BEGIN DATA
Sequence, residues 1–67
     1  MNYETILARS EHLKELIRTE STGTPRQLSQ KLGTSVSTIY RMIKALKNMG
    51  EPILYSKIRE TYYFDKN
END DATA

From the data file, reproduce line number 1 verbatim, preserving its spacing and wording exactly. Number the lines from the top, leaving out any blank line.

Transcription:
Sequence, residues 1–67